It is Black History Month. As counter-intuitive as it may sound, William Faulkner is unavoidable in taking the measure of American black life. The assertion needs bearing out. Reading Faulkner is to experience many things: difficulty, especially when he writes in dialect, regardless of whether the speaker is white or black; disorienting, when he shifts voice and points of view, as he does famously in The Sound and The Fury (1929). In his defense, Faulkner had intended the novel to use different ink colors to denote chronological shifts.
(Image is from LA Times Blog)
There is no polite way of getting around the fact that Faulkner is not politically correct about gender, race or any of his other themes: incest, insanity, and institutional racism. Do we not cringe when we read that Faulkner referred to his Go Down, Moses (1942), as his “nigger stories”?
Why Faulkner then, and why does he still matter? What is his relevance to documenting the ‘black experience’ in American literature in his own time and for the half century after his death?
My answer is Dilsey, the black caregiver in The Sound and The Fury.
Step back for a moment with me to another Faulkner book, Light in August (1932). As you read the small excerpt below, do keep in mind that the title is a Mississippi phrase for the time when mares give birth to foals.
‘Who told you I am a nigger, you little white trash bastard?’ and he says ‘I aint a nigger’ and the nigger says ‘You are worse than that. You dont know what you are. And more than that, you wont never know. You’ll live and you’ll die and you wont ever know and he says ‘God aint no nigger’ and the nigger says ‘I reckon you ought to know what God is, because don’t nobody know what you is.’
Rereading the passage, I am reminded of Faulkner’s editor, who had sent him a note to remind him of what a period was and to use it on occasion. Negotiating Faulknerian prose is difficult since Faulkner’s language is a tangled, moving mass of dense non-standard English, devoid of apostrophes, commas, periods, odd ellipses and use of italics, and other perversities of syntax. The passage is significant for several reasons: a black man is speaking back to a white character, Joe Christmas. The book is concerned with Joe Christmas grappling with his identity. He is convinced that the one-drop rule of having black blood makes him black. Not mulatto, or otherwise mixed. Black. Not human. While knowledge or self-knowledge is a theme in Light in August, my point is that Faulkner conveys identity as a matter of blood. It does not matter to Joe Christmas what his outward appearance says to the world because what is interior is what he thinks and believes that betrays him. Faulkner is speaking of miscegenation and of self-hatred, the inevitable and interlocking linkage between black and white southerners.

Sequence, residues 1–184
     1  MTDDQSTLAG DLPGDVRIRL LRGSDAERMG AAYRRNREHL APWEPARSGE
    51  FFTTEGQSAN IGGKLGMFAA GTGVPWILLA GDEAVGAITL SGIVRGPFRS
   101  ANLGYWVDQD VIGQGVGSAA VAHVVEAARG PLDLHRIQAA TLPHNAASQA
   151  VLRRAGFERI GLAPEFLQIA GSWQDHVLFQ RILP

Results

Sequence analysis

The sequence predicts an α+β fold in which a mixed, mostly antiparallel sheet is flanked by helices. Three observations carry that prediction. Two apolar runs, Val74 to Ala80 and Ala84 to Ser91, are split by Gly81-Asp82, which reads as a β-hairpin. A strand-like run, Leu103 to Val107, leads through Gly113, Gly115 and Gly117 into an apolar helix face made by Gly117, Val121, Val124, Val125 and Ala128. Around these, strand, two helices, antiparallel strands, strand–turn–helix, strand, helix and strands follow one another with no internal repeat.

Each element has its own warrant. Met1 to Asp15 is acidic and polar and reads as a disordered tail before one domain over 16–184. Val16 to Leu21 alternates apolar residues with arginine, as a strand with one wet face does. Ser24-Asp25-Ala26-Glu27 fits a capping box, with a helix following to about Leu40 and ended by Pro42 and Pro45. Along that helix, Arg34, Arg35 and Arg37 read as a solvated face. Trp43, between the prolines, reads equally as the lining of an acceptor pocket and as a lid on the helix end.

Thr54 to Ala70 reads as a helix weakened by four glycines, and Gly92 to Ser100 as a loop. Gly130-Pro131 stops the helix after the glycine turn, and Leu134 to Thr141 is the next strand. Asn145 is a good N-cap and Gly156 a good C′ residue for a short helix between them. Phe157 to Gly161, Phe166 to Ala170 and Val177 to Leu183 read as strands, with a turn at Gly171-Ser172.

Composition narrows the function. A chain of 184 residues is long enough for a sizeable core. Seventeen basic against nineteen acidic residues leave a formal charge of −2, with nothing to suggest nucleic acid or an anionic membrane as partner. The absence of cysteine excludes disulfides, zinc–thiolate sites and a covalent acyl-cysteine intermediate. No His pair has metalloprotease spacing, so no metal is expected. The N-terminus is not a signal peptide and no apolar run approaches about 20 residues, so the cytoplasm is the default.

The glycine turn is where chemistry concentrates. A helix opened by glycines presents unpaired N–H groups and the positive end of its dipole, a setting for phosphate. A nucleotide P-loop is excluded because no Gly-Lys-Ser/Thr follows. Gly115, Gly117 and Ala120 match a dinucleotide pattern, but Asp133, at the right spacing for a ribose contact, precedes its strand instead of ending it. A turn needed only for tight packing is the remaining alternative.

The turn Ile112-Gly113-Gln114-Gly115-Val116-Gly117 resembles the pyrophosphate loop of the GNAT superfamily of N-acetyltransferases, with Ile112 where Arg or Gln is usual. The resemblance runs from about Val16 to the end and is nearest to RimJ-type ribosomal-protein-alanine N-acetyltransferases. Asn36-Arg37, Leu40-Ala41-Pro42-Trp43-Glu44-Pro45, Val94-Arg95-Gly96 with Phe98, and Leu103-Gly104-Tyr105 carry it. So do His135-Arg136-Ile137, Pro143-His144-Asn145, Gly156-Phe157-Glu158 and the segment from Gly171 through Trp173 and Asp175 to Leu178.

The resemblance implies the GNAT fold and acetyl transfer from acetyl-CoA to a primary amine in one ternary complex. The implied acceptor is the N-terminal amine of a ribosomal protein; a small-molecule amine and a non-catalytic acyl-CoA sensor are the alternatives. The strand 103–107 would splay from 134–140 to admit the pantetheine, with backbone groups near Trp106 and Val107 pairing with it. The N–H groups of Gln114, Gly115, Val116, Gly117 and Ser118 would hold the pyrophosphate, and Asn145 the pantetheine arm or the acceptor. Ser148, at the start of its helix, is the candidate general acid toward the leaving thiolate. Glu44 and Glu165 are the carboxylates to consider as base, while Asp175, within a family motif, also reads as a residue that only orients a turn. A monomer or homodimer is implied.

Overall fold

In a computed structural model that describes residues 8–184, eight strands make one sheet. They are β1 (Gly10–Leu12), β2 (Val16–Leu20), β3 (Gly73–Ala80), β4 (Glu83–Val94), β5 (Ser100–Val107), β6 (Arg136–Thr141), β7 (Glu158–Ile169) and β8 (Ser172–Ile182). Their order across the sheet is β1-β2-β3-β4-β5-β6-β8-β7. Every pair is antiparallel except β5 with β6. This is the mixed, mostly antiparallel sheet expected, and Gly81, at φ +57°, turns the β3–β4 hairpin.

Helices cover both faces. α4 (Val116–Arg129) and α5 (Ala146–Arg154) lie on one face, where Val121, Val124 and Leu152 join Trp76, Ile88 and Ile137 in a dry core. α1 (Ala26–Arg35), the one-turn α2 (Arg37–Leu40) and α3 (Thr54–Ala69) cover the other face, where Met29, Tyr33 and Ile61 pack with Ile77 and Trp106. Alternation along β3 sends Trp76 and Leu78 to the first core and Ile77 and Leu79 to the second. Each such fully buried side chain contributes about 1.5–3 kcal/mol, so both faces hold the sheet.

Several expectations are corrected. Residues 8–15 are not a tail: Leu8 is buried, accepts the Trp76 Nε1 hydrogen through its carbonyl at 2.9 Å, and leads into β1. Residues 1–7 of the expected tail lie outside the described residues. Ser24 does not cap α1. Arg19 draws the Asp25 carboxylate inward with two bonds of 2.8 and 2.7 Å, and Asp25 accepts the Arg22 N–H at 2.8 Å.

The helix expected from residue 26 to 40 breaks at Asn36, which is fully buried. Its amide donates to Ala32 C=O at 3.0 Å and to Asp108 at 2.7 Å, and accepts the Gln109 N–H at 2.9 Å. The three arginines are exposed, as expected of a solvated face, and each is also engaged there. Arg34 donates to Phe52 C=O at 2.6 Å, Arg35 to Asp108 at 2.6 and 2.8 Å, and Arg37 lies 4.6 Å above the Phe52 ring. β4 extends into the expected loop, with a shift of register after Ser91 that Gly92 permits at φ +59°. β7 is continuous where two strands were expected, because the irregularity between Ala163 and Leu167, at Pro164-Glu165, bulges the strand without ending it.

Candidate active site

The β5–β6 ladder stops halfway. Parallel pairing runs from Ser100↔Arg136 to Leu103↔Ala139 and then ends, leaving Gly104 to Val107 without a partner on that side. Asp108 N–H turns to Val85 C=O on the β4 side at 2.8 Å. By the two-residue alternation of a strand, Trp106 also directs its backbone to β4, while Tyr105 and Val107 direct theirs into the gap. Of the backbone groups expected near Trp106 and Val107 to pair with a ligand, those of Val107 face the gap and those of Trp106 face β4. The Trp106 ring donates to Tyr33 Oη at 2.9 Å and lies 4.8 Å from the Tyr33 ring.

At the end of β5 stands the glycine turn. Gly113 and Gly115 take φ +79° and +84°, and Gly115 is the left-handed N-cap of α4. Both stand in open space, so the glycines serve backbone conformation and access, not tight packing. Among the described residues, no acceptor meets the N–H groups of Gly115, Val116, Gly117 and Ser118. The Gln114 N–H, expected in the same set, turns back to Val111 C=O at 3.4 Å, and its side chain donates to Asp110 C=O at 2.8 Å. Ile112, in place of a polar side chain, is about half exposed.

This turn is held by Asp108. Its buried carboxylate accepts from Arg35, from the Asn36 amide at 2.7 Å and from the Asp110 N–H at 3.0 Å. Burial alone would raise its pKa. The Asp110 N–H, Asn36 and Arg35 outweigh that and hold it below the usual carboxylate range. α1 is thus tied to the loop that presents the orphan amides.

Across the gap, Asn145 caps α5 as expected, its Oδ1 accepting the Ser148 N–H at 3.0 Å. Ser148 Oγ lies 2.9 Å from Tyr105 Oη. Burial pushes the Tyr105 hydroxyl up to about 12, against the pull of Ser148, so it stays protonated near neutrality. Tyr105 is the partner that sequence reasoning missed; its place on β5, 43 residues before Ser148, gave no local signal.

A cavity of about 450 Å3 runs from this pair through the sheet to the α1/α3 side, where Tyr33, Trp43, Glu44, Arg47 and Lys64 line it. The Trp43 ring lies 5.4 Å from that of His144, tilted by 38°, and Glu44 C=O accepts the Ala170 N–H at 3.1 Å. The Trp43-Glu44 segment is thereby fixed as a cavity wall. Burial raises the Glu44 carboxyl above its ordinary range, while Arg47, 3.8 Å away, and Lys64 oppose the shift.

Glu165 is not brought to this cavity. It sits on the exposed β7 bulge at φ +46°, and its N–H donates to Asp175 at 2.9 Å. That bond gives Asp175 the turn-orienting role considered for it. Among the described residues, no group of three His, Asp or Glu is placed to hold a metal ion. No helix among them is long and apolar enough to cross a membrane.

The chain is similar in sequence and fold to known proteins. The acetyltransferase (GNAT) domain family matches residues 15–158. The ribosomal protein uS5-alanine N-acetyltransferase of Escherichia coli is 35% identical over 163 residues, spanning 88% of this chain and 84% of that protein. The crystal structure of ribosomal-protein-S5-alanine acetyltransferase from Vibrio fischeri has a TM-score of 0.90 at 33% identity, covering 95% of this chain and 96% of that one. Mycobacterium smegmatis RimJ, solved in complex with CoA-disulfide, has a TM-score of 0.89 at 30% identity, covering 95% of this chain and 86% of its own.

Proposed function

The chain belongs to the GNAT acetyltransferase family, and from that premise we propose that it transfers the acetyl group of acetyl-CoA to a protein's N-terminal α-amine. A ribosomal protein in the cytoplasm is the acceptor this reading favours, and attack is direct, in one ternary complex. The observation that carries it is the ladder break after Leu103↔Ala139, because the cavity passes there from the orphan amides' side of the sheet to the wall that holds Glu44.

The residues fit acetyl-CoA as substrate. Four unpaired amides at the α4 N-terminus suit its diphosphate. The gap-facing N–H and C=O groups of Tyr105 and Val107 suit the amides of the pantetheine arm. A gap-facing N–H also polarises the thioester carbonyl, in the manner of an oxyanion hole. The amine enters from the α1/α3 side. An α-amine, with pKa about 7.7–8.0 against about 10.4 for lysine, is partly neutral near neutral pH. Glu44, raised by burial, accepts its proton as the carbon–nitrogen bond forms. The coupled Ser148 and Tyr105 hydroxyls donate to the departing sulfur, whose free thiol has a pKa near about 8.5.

Dilsey is black. No mistaking that fact. It is unchangeable; and yet, Dilsey, who does not speak much in The Sound and The Fury, is the one who is sane, the one who cares for the Compson brothers, who arguably exhibit varying degrees of insanity; she is the one not related to the Compson family, but who has, as a result of Reconstruction policies, stayed on caring for the family. The Compsons are decadent. They are a study in dysfunction: the rebellious Caddy; the man-child Benjy; the doomed neurotic Quentin; and Jason, the uncaring cynic. Then there is Dilsey. She is wholesome, powerful and simultaneously disempowered. They have the inherent privilege of blood and color, whereas she does not; they are flawed and she is virtuous.
Joe Christmas is the inverse of Telemachus’s line to Athena in the Odyssey: “It’s a wise child that knows its own father.” He does not know his father, other than that he suspects that his father bestowed upon him tainted blood and birthright. Insanity is both sound (voices) and fury (mania) for many of Faulkner’s white characters, including the Compson brothers: Benjy, Quentin, and Jason. Faulkner’s title comes from Macbeth: “it is a tale Told by an idiot, full of sound and fury, Signifying nothing.”
Faulkner’s last third of The Sound and The Fury, the Easter sermon, written in third person, shows that while black people, including Dilsey and her family, have decency and integrity, and self-knowledge, racism and the vestiges of slavery have stripped them of any potential sound, of any fury. Dilsey does not suffer existential angst about identity. Her skin reminds her of her identity and her place in society; it defines her physically but not spiritually. She is superior to the whites around her, which makes her caring of the family compassionate and elevated, more than a means of economic survival. Unlike Quentin Compson who thinks, Dilsey does. She is the guardian, the nurturing force, the “walking shadow” to the Compsons, to borrow another phrase from Shakespeare’s Macbeth.